Sunday, 22 October 2017

Hercules (1983)

Made by the legendary Cannon studios to cash in on the likes of Conan the Barbarian, and star Lou Ferrigno's TV success as the Incredible Hulk, Hercules is very cheap and very cheerful, but it asks for so little from the viewer it's hard not to like it.

The plot sees the evil King Minos (William Berger) and the sorceress Adriana (Sybil Danning) scheming to take over the world. For this, for some reason, they need to sacrifice Cassiopeia (Ingrid Anderson), who happens to be the girlfriend of our hero Hercules (Ferrigno).

The star is not exactly charismatic, but fortunately he is surrounded by reliable European genre stalwarts such as Danning and Eva Robin who pick up the slack. The script has the intelligence of a ten-year-old, but it also has the wide-eyed innocence and energy of one too, and the delirious twists and turns have an energy that stops things ever getting dull.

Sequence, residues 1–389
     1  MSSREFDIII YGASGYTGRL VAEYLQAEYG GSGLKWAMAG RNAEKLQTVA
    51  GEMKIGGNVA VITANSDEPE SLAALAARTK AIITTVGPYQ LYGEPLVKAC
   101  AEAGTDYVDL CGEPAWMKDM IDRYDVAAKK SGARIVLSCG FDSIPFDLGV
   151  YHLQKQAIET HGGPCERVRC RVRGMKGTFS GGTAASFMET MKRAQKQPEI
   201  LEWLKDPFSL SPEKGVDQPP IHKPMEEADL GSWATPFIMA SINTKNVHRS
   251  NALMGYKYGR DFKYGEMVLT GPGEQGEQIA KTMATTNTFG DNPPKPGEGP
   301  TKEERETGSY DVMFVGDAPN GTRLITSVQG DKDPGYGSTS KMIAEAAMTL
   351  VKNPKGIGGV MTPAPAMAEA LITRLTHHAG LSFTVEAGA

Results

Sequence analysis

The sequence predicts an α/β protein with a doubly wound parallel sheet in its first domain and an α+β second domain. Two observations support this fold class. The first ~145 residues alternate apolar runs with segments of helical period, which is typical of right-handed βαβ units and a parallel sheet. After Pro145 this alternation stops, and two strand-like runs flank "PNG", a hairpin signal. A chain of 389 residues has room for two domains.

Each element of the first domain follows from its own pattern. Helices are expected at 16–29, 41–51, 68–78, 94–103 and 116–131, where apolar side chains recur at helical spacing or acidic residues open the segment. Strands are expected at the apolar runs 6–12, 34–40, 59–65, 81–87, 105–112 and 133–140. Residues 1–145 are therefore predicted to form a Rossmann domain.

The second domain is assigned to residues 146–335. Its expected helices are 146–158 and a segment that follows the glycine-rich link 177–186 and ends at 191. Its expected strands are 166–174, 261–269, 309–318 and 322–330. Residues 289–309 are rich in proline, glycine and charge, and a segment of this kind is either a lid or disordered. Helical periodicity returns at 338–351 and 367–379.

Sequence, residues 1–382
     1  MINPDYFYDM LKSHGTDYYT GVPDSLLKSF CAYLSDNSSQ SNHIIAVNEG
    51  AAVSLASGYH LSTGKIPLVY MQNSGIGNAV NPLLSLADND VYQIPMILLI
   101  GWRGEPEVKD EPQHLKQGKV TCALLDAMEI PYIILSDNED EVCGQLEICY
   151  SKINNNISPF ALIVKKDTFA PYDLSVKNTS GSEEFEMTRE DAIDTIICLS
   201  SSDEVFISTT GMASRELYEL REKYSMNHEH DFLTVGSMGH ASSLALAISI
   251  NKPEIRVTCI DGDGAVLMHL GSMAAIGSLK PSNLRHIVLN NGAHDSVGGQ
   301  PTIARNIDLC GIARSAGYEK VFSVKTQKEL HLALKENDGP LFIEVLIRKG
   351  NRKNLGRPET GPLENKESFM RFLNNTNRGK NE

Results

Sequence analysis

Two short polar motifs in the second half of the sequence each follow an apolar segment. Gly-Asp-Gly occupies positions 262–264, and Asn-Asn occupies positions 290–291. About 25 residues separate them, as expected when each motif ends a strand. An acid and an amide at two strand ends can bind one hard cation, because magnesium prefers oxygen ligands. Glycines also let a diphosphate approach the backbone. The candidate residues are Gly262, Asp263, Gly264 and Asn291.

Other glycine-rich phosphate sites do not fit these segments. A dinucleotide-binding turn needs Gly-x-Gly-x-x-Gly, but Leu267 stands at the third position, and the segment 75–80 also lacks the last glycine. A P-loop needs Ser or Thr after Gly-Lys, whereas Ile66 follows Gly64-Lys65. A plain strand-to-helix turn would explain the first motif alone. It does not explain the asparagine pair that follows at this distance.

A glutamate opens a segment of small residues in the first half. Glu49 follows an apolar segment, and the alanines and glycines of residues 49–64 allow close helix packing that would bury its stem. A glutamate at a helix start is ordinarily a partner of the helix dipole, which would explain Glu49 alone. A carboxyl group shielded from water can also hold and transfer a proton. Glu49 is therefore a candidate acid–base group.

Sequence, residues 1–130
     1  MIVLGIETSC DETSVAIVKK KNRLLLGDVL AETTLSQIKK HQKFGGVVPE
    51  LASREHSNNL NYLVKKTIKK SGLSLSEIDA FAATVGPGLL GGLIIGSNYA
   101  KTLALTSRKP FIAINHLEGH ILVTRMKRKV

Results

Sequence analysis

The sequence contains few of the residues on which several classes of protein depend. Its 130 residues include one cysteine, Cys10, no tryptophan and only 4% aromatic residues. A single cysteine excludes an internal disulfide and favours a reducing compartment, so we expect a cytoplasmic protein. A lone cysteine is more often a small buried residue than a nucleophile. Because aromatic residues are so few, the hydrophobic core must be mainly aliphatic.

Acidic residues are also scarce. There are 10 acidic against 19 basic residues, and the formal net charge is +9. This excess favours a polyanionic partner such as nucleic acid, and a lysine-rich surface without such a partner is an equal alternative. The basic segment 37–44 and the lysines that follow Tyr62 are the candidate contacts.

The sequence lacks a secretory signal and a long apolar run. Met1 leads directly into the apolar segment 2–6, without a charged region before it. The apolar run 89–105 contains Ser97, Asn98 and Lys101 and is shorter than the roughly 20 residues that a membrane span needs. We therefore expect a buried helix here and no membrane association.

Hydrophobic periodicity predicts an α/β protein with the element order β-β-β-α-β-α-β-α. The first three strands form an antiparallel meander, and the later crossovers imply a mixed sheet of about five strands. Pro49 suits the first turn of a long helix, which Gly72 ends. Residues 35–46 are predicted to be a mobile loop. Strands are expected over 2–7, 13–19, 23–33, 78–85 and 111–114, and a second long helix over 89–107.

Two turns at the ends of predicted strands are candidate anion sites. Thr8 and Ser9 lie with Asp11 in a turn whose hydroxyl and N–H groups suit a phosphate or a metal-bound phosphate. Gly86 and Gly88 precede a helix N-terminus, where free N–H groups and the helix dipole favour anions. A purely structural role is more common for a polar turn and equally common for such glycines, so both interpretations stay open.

This was not the first time that writer and director Luigi Cozzi had been hired to cash in on more successful Hollywood product. His previous efforts included Alien Contamination, with extra-terrestrials causing exploding chests, and Star Wars rip-off Starcrash. The latter featured some very low budget stop motion work, something Cozzi employs here, when Minos dispatches mechanical monsters to stop Hercules. This use of technology seems rare in sword-and-sorcery films and gives Hercules a minor unique edge over others in the genre.